"Are we fast-becoming a culture of victims, endlessly seeking new grievances and hurts in order to define ourselves? Or, are we simply becoming increasingly and appropriately sensitive to the impact of our words upon others? A key to unlocking that puzzle may be found in conversations popping up all over the place about something called Microaggression. Don't know that is? Neither did I until a very short while ago, so don't worry. Microaggression is defined by Tanzina Vega, race and ethnicity reporter for the New York Times, as a catch-all for "the subtle ways that racial, ethnic, gender, and other stereotypes can play out painfully in an increasingly diverse culture", with the emphasis on subtle, and it's fast-becoming the 'next new thing' in conversations about social justice, good manners, and creating a more decent society. And who doesn't want those? The challenge is how we get there...."
The American Bible Society and Barna Group just released their joint annual study of Americans' behaviors and attitudes towards the Bible. In it, they found that the number of skeptics, those "who believe the Bible is 'just another book of teaching written by men that contain stories and advice'" has nearly doubled in three years. Now 19% of those questioned put themselves in that category, which is equal to the number who define themselves as "Bible-engaged". But this is a flawed comparison, says Rabbi Brad Hirschfield, President of Clal and co-Founder and Executive Editor of TheWisdomDaily.com. Skepticism and engagement coexist, which is clearly seen at seders around the world as families and friends gather for the Passover celebration – not only are questions central to the core of the Passover celebration, but "even heresy is accepted at the table because even that is a form of engagement."
The movie Noah, starring Russell Crowe, continues to attract money (it's earned over $178 million in its first two weeks of release) and controversy. Everyone seems to be talking about it, from the Vatican to Jon Stewart, and it's been banned in some countries such as Malaysia and Indonesia.But according to Rabbi Brad Hirschfield, President of CLAL and co-Founder and Executive Editor of TheWisdomDaily.com, both the critics and the critics' critics are looking to "see what they already believe is what they see when they look at the Bible", and maybe they should be looking for something else.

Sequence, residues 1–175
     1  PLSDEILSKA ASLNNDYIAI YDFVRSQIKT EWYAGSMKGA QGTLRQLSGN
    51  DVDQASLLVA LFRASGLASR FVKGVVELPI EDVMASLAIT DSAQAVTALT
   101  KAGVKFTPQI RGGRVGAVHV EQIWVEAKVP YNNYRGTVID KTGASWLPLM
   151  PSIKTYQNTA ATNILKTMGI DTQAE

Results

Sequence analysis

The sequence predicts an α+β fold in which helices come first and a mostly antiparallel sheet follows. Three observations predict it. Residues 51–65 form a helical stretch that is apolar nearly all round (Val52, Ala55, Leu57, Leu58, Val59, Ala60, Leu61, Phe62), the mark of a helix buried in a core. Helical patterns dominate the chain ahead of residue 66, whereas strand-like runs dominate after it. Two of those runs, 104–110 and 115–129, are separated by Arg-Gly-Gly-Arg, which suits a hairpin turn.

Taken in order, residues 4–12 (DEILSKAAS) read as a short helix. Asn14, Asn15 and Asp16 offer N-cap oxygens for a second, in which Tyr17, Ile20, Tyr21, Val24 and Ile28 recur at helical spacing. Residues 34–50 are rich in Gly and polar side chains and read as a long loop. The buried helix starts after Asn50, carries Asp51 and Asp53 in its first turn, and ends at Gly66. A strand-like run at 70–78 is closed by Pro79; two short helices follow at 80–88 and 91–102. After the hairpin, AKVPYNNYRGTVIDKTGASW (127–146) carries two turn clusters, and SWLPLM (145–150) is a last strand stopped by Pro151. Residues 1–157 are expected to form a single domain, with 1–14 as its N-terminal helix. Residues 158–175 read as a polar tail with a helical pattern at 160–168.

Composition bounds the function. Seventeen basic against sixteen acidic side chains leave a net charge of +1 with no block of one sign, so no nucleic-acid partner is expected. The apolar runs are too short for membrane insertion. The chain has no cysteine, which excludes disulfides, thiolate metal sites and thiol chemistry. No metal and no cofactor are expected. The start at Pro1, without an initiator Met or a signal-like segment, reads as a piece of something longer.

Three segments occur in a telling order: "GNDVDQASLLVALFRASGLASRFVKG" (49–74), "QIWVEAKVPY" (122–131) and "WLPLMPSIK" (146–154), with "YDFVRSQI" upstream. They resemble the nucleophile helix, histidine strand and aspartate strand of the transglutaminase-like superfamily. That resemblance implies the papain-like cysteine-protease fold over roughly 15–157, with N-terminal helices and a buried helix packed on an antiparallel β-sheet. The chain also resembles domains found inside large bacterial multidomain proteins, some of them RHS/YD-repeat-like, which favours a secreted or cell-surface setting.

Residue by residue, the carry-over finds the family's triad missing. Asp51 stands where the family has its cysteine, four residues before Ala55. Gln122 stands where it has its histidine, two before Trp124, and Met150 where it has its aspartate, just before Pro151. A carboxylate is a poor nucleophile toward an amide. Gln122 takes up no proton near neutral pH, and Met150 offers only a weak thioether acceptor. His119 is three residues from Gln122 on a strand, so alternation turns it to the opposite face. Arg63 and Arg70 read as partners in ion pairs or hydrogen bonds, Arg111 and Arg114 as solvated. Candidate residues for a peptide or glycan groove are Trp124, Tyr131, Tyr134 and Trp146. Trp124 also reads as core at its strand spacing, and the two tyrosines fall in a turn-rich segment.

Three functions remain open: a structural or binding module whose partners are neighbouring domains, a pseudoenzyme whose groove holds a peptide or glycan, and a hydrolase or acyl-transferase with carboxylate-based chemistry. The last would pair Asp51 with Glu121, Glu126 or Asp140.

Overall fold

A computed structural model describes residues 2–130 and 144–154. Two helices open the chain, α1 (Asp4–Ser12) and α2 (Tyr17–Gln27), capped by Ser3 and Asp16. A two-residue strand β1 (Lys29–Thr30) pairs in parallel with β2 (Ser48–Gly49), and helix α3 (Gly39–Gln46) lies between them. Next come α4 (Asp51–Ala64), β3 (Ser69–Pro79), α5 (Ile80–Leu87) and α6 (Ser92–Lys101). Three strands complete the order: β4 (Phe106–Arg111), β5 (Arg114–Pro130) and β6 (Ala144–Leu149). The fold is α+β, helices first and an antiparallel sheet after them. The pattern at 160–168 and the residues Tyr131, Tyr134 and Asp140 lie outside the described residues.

"...Passover, like most Jewish Americans’ identities as revealed in the Pew study, celebrates the personal and even the idiosyncratic. While Passover recognizes the importance of peoplehood, it focuses at least as heavily on the celebration of personhood—of the dignity of each individual and his/her right to be free...."
"Pesach is coming, and at sedarim across the Jewish community we will once again label four children as wise, wicked, simple, and the one who does not know how to ask. I have always struggled with this part of the seder for two reasons. All of my work with young people has taught me that we should avoid labeling children because it gives them a negative message, often encouraging them to live up to the label we ascribe.
"On a recent Tuesday afternoon, Rabbi Amy Joy Small sat at Rockin’ Joe’s Cafe in Millburn, nursing a cup of tea and uncertain expectations. On her new website and Twitter feed, she invited anyone who cared to to “share your stories, your questions, and your challenges. I’ll share stories and Jewish wisdom along the way.'..."
"Dear Supreme Court justices: When I heard about the McCutcheon v. Federal Election Commission ruling, it made me plotz. I’m a rabbi, so I know much more about the Talmud than about torts. But if there’s any group that can compete with scholars of constitutional law, it’s rabbis. Your recent decision was all about the First Amendment and free speech...."
" I saw the blockbuster film Noah this past Sunday. Despite the deluge (sorry) of commentary about the film - inevitable for a biblical film in culture war times - I can't resist offering my take. Most of what has been written about Noah has centered on the film's fidelity to the original story, which really means fidelity to the way a particular critic heard the Noah story when he was a child, or the way his particular creedal community understands the story. Watch this segment from The Daily Show as proof..."
"Passover is just around the corner and with it comes the ancient tradition of the seder and accompanying Haggadah. The Haggadah guides the ritual meal and commemorates the Jewish exodus from slavery in Egypt. On each of the first two nights of Passover, people gather around the seder table for the 15-step meal and the recitation of the Haggadah..."
Remember for Life by Rabbi Brad Hirschfield is a compendium of stories of hope from the Holocaust. Now in its second printing and in paperback, we are pleased to let you know that it is available through University of Nebraska Press.
Memory is about choice. We can choose to remember the past in ways that provoke pain and stir our anger, or we can remember in ways that help us create the kind of world in which we most want to live.